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It’s true that Donald Trump, seen here on May 30, 2020, was blasting China for years. And now many countries, such as Canada, realize they would need allies in dealing with Beijing.

Patrick Semansky/The Associated Press

Angela Merkel did every G7 leader a favour when she saved them from standing next to U.S. President Donald Trump at a mid-pandemic summit while U.S. cities are burning.

The summit was conceived by Mr. Trump as the symbol of a grand, U.S.-led postpandemic reopening, which would be focused on the issue he wants to underline: confronting China.

With another president, at another time, the idea that the United States wants to lead a common front to push back against China’s crackdown in Hong Kong and its aggressive efforts to stifle and intimidate other nations should be cause for Group of Seven countries to celebrate.

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Yet Mr. Trump is the last person to lead the world in dealing with China.

That’s not because Mr. Trump’s most notable reaction to the protests over a Minneapolis police officer’s merciless killing of a black man, George Floyd, was that looters would be shot, and his moral authority is not something world leaders want to lean on.

Several G7 leaders, including Prime Minister Justin Trudeau, were stalling on Mr. Trump’s invitation to a hastily arranged summit even before Ms. Merkel quashed the whole thing by saying she won’t go. It meant leaders would have to breach their own coronavirus lockdowns to risk some new Trump drama in the midst of a major crisis.

But there is also a basic problem with the notion of Mr. Trump calling together world leaders to forge a common front against China. He can’t be trusted to do it.

It’s true that Mr. Trump was blasting China for years. And now many countries, such as Canada, realize they would need allies in dealing with Beijing.

That should be clear after China imprisoned two Canadians, Michael Kovrig and Michael Spavor, in retaliation for the arrest of Huawei chief financial officer Meng Wanzhou on a U.S. extradition request. But China has been using its economic leverage to squeeze countries for years. Norway’s salmon exports to China were cut off when Chinese human-rights activist Liu Xiaobo won the Nobel Peace Prize in 2010.

“China, because of its size, and because you’ve got authoritarian capitalism at work there, has picked us all off one by one,” said Senator Peter Boehm, a former senior foreign-affairs official who served as Canada’s “Sherpa” – a behind-the-scenes lead organizer – for G7 summits.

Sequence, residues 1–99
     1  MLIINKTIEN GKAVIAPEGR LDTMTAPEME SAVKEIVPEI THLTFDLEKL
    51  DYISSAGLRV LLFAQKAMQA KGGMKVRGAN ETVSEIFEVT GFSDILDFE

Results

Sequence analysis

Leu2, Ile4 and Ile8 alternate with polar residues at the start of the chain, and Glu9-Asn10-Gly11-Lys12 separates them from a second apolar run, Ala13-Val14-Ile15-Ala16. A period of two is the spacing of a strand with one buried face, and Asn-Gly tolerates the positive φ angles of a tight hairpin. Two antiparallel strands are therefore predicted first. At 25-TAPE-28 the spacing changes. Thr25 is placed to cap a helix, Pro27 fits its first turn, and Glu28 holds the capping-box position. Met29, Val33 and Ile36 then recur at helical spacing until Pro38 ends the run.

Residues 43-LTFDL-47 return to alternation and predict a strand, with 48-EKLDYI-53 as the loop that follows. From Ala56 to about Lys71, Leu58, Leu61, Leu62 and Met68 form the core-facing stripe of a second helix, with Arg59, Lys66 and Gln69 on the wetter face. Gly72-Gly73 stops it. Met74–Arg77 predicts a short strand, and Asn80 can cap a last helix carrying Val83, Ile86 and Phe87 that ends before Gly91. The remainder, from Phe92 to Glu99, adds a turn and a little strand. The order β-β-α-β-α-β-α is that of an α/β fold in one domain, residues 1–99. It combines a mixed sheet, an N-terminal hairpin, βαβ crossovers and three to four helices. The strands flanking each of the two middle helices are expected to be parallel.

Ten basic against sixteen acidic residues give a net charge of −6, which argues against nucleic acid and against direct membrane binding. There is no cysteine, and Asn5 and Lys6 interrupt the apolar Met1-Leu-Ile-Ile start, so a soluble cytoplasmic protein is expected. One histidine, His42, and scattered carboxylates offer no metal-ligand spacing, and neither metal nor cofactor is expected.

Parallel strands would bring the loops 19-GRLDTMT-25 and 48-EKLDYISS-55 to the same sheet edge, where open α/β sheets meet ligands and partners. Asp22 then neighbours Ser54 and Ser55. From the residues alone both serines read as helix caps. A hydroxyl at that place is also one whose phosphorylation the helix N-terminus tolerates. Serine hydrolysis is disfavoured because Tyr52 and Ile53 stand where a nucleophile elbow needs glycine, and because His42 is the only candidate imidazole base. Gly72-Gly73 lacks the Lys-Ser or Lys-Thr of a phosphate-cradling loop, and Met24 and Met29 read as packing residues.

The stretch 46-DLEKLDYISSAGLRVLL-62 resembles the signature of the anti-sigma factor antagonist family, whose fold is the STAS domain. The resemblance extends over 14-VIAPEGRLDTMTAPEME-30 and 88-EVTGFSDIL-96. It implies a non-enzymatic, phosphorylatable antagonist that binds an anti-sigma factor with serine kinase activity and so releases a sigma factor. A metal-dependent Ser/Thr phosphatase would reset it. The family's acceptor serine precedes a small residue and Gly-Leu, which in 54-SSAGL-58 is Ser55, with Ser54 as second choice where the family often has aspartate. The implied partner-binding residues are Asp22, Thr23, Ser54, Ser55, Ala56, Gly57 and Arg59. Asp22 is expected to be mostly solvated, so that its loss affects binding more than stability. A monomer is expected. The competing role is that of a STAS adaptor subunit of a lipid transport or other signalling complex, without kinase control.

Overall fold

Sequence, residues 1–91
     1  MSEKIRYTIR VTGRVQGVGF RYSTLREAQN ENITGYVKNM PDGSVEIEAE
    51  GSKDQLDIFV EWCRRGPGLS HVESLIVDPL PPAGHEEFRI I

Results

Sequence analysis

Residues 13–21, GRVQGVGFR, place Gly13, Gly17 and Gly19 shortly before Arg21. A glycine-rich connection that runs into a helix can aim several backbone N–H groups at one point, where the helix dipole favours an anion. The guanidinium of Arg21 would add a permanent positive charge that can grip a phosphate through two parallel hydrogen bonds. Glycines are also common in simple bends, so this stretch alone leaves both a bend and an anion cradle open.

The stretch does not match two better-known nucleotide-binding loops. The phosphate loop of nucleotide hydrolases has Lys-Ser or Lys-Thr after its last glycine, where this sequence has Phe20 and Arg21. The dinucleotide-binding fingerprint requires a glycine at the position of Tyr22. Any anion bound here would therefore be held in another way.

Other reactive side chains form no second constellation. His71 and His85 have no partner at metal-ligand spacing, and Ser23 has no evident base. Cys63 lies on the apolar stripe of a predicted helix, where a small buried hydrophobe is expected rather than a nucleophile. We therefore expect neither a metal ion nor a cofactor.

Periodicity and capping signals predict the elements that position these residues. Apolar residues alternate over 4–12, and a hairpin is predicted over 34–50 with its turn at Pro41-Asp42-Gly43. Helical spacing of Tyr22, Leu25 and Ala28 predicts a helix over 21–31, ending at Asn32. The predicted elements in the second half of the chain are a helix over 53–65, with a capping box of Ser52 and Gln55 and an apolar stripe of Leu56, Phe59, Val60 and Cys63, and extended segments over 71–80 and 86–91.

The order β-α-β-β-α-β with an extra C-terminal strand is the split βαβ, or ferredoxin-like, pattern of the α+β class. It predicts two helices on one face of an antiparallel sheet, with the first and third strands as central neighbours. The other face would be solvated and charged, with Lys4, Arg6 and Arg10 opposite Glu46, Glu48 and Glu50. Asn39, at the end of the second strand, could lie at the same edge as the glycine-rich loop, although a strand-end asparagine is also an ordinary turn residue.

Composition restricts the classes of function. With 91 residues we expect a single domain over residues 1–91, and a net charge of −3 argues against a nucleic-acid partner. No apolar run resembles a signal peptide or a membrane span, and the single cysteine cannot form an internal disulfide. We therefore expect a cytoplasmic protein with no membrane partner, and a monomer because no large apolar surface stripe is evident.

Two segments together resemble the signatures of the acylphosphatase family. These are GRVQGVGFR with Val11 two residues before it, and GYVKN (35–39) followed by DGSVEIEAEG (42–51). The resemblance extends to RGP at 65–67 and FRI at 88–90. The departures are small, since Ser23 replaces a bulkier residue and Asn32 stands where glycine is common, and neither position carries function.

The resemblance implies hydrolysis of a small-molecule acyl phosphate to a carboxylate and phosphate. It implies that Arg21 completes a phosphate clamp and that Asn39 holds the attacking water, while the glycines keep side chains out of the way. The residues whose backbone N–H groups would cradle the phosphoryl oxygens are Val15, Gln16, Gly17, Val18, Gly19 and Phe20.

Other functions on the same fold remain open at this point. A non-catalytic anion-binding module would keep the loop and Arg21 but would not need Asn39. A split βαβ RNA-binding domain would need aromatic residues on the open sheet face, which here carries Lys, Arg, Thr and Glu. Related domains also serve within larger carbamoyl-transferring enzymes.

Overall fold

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So a common front seems ideal. But Mr. Trump isn’t really going to lead it. He sees U.S. interests, and his interests, as unique. He doesn’t believe in alliances.

He took office threatening a trade war with China, but he made any potential ally, including Canada, fear more for their trade ties with the U.S.

Before the Charlevoix Summit in 2018, G7 countries were working on plans for a mechanism to share information about Chinese trade practices across G7 and European Union countries, prompted by Mr. Trump’s attacks on the dumping of Chinese steel, Mr. Boehm recalled. Then he got a call from Gary Cohn, then Mr. Trump’s senior economic adviser, telling him the White House had decided to go it alone by imposing tariffs on steel. “I said, that’s interesting. China won’t be happy,” Mr. Boehm added. Then Mr. Cohn told him tariffs would be imposed on everyone.

Mr. Trump was never interested in a common front. He cared about trade balance, not trade practices. With China, his solution was to get the Chinese to agree to buy more American goods. While he negotiated his phase one trade deal, he stayed pretty quiet about Hong Kong. If there’s a phase two, it won’t be about allies.

Now that the U.S. President is talking about confronting China again, he’s not threatening to tear up that trade deal. He is cutting off ties with the World Health Organization.

It’s a good sign that the U.S. seems to think there is value in working with other countries. Last week, it issued a joint statement on Hong Kong with Canada, Britain and Australia. And of course, there was the idea of a summit focused on China.

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But the more encouraging sign is that other countries are pushing for it. Britain wants G7 countries to take a common position on excluding Huawei technology from their wireless networks, and Australia led early calls for an investigation into the handling of COVID-19. Mr. Trudeau, timid on China so far, will have to get involved, too. Almost by definition, Mr. Trump cannot lead a common front.

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